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Column: CATV strengthens communities, democracy

  • Hartford Selectboard member Alan Johnson raises his hand to be recognized in the chamber by chair Dan Fraser while meeting remotely as CATV Tech Coordinator Thomas Bishop watches in White River Junction, Vt., on March 25, 2020. Changes to the state's Open Meeting Law allow for boards and commissions to meet from different locations due to COVID-19 concerns. (Valley News - Geoff Hansen) Copyright Valley News. May not be reprinted or used online without permission. Send requests to

For the Valley News
Published: 6/23/2020 10:20:13 PM
Modified: 6/23/2020 10:20:12 PM

Posting on social media may help us foster awareness, but it often falls short because we can be in an “affirmation loop,” connecting only with like-minded people. This communication loop weakens the quality of a conversation around an issue, diminishing the chance for change. We need communication tools that help us and our neighbors uncover and examine different views about issues we face. When we do this, we learn, we educate. We find solutions. We improve our communities.

This is why Community Access Television has existed these past 27 years — to provide you with a platform for local, meaningful conversation, debate and education, a platform to voice your passions. CATV provides cable TV and internet distribution platforms that are locally focused to get your information to your neighbors who may not know about it, or who may have different views. Communicating locally effects real changes at the local and state level. This vital, independent work strengthens our democracy.

CATV is almost entirely funded by cable subscriber fees, not by taxpayer dollars. If you are a Comcast or VTel subscriber, look closely at your monthly bill and you will see that a small percentage goes to support “PEG” — public, educational and governmental access channel fees. That’s us. Being funded this way takes away the need to fundraise so local media centers can work without bias while applying all our energies to bringing the community varied local content.

Lebanon’s decision to pull out of CATV hurts us all. Lebanon’s cable subscriber dollars didn’t just cover the cost of recording a meeting. Those dollars helped pay rent, pay salaries, cover equipment, offer community media skill training, and strengthen us as a community by recording and airing all the community shows that are important to us, such as graduations, school board meetings, local political discussions, health and environmental education, etc.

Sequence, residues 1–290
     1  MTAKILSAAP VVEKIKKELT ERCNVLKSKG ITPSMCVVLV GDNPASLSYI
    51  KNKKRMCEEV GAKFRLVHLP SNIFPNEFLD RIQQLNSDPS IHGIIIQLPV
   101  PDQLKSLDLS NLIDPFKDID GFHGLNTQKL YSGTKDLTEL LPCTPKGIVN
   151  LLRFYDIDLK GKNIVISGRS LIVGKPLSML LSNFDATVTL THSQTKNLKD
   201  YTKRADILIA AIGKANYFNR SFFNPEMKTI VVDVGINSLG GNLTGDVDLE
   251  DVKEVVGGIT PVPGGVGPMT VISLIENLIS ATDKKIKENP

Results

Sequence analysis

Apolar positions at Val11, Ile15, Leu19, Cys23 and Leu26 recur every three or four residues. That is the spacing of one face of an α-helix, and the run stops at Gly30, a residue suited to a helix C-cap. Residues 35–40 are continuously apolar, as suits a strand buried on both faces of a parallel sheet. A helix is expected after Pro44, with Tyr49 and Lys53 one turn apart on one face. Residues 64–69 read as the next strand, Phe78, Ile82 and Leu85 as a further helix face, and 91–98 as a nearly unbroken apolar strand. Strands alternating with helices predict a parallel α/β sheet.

And so with your help, we pivot. First let me thank each of our other four town managers for their immediate and generous words of support, gratitude and commitment to CATV. We have cinched our expense belt tightly and have decided to move the CATV offices and studio to reduce expenses further. Because community stakeholders value CATV’s mission, we are close to securing an outstanding location that will provide critical financial relief and benefit the youth and community at large in the Upper Valley. But because of Lebanon’s sudden defunding, we are not able to close the financial gap without hardship.

It’s our hope you value our services and our existence as an independent media center enough to make a donation to CATV, even a small amount. The need is real. Help us to get through the pandemic, as we will help you. We invite you to watch our channels on cable or the internet, to create a show, to use equipment or benefit from media training — all to encourage diverse and meaningful conversations that spark societal and system changes. Democracy succeeds when our citizens are informed and engaged. We honor your voice, your media and your community.

Peggy Allen, of White River Junction, chairs the Community Access Television board of directors.

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